While visiting my friend today, I was witness to an unpleasant situation that had been unfolding before her for hours prior to my arrival. This friend works on the social media end of an international corporation. This company is associated with a celebrity who has an opinion on the verdict of the Martin/Zimmerman trial. The opinion as I read it wasn’t explicitly violent or incendiary, however because it appeared on the internet a veritable shit-storm quickly arose.
The internet is a wonderfully speedy vehicle by which to share our thoughts and opinions. Unfortunately, the internet also lends itself to aggressive behavior that hides behind a veil of anonymity. But what happens when these rage-filled, cloistered attitudes come together in the real world?
With the acquittal of George Zimmerman last weekend, we’ve seen demonstrations of all sorts burst out across the country, from L.A. to Chicago and New York. The virulent banter online hasn’t dissipated at all, either. But angry people accustomed to ranting from the comfort of their own computer screen are not exclusive to the United States; neither is blatant racism.
On the other side of the world, racially-spurred riots have broken out in Tokyo. The rioters in question call themselves the Zaitokukai, or “Citizens Against Special Privileges for Zainichi.” Zaitokukai is a web-based nationalistic organization that has only started to demonstrate out in public in the last few months. Zainichi is a term simply used to describe a foreigner living in Japan, but this group is targeting Koreans in general and long-term Korean residents in particular.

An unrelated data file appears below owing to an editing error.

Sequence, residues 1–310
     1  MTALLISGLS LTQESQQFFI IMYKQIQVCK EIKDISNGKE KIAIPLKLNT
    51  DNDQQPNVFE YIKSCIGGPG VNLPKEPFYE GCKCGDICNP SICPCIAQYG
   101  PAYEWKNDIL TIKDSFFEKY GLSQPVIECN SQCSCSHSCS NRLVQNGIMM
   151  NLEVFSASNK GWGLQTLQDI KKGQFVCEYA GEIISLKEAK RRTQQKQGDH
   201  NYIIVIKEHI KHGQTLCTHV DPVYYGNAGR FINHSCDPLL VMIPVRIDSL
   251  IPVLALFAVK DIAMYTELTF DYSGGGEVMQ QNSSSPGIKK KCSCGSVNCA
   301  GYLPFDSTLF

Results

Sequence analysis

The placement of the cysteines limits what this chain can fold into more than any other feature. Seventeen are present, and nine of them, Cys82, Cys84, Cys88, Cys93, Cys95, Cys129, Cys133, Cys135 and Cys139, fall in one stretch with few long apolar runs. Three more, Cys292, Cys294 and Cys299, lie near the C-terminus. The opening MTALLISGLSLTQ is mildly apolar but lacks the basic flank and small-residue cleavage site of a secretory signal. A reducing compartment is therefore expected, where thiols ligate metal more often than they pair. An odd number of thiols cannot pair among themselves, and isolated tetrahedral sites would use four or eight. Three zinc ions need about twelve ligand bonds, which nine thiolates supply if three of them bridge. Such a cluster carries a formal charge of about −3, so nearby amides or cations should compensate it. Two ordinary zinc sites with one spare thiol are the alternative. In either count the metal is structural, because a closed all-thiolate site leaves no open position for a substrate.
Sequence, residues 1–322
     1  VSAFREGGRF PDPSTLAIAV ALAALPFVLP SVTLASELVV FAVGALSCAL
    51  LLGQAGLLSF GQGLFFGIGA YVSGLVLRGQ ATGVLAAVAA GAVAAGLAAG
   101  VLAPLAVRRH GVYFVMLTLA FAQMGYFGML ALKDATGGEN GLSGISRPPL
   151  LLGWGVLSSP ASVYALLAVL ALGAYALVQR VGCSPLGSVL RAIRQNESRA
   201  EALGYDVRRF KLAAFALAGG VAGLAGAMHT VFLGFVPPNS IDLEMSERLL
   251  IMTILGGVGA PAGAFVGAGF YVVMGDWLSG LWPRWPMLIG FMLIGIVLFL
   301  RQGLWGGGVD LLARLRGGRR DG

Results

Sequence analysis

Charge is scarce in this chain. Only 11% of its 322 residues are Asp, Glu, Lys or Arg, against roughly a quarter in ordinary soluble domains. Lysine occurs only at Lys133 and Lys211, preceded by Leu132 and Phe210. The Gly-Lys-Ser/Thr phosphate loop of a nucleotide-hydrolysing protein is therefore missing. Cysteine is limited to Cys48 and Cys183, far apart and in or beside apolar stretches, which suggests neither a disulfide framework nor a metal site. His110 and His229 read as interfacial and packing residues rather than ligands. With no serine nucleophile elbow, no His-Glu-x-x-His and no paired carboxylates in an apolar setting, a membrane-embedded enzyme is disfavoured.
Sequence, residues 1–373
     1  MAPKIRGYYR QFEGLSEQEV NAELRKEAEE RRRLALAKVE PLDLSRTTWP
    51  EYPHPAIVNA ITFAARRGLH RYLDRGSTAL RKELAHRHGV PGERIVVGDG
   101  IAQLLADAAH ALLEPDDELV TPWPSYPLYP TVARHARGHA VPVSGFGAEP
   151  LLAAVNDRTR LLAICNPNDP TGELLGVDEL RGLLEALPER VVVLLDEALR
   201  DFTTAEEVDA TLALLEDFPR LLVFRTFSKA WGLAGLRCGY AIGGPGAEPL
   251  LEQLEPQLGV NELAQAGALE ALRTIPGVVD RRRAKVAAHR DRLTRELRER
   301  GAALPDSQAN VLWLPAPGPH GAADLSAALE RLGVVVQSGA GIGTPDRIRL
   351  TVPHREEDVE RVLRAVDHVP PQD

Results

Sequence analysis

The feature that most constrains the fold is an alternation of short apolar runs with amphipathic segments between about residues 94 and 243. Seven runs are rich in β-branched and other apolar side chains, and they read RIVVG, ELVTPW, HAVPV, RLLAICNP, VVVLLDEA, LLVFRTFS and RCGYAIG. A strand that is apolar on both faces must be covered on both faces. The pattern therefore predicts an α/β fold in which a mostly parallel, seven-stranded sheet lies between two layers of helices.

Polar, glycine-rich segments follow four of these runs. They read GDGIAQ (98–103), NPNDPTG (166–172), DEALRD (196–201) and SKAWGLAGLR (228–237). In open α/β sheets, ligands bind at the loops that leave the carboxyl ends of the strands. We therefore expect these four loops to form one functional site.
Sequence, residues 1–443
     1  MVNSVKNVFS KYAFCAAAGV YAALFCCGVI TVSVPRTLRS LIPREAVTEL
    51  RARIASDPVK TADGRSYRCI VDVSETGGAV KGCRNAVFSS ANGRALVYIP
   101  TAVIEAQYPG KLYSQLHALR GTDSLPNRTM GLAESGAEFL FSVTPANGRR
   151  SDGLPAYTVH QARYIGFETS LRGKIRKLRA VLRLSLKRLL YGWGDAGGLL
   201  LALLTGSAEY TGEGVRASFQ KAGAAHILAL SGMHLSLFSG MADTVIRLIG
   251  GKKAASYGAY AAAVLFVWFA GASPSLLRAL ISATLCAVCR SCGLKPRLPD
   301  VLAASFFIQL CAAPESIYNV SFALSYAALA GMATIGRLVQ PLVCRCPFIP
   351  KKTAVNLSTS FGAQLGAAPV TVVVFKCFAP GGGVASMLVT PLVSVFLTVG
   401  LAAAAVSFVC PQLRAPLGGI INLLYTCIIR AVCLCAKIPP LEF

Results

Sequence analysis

They have been busily protesting the territoriality of the Dokdo/Takeshima Islands (sound familiar?), and detractors of the “necessity” institutionalized prostitution of Korean women during WWII. The theory underlying these complaints is based on their belief in the inferiority of the Korean “race” and therefore the obvious superiority of the Japanese “race.” This school of thought, if you can call it that, goes back long before the Internet, practically back to the days when a writing system was still a new concept. The internet has only aided and exacerbated the problems they wish to cause.
The Zaitokukai’s protests have typically involved marching through the streets, shouting political slogans through megaphones, and waving the pre-1945 Japanese flag. Favorite phrases for protest posters include “Go Back to Korea” and the increasingly popular “Kill the Koreans.” Recently one of their demonstrations escalated into physical confrontation with a group of counter protestors, the Reishisuto, or “Resistance Troops Against Those Who Discriminate.”
America and Japan could both stand to draw a lesson from these incidents: Japan will not find peace or satisfaction on a far-off island, nor a far off fantasy “free” of people they are unwilling to know or understand. America will not find peace if it always turns to reactionary, hair-trigger rhetoric at the sight of racial injustice. As citizens of an increasing globalized, borderless world, we need to call racism out where we see it, and work toward ways of bringing together people of all backgrounds in a constructive and peaceful forum. If we can come together in force to be angry, we can surely come together in force to be peaceful.